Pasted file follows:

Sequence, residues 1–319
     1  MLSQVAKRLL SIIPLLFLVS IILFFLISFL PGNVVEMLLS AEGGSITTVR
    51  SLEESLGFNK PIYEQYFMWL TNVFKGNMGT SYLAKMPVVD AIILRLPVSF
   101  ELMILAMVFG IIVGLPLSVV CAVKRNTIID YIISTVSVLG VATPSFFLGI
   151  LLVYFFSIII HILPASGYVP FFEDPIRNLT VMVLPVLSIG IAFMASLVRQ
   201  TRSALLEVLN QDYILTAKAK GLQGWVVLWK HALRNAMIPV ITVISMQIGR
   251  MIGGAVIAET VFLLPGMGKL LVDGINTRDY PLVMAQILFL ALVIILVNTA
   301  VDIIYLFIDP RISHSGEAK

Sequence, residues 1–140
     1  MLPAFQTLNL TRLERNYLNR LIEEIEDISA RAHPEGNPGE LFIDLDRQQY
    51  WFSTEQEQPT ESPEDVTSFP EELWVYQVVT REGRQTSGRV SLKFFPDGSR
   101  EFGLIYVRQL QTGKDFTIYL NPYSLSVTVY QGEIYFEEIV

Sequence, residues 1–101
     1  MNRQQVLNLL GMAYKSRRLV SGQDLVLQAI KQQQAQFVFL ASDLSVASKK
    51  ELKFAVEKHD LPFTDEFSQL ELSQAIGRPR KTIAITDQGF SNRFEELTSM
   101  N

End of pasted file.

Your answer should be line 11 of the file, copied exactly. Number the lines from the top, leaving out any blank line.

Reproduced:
    51  WFSTEQEQPT ESPEDVTSFP EELWVYQVVT REGRQTSGRV SLKFFPDGSR